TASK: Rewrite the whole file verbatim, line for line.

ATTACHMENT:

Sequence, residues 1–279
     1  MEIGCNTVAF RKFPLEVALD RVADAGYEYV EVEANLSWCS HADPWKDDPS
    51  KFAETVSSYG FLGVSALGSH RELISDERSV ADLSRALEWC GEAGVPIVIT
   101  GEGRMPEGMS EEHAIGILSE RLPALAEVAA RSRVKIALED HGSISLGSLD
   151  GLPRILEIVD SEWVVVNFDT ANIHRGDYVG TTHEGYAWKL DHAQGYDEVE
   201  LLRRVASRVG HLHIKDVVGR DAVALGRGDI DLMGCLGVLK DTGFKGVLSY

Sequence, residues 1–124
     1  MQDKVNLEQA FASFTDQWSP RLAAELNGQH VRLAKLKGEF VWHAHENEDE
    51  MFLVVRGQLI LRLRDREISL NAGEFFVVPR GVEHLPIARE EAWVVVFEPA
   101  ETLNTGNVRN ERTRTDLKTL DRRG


Sequence, residues 1–279
     1  MEIGCNTVAF RKFPLEVALD RVADAGYEYV EVEANLSWCS HADPWKDDPS
    51  KFAETVSSYG FLGVSALGSH RELISDERSV ADLSRALEWC GEAGVPIVIT
   101  GEGRMPEGMS EEHAIGILSE RLPALAEVAA RSRVKIALED HGSISLGSLD
   151  GLPRILEIVD SEWVVVNFDT ANIHRGDYVG TTHEGYAWKL DHAQGYDEVE
   201  LLRRVASRVG HLHIKDVVGR DAVALGRGDI DLMGCLGVLK DTGFKGVLSY

Sequence, residues 1–124
     1  MQDKVNLEQA FASFTDQWSP RLAAELNGQH VRLAKLKGEF VWHAHENEDE
    51  MFLVVRGQLI LRLRDREISL NAGEFFVVPR GVEHLPIARE EAWVVVFEPA
   101  ETLNTGNVRN ERTRTDLKTL DRRG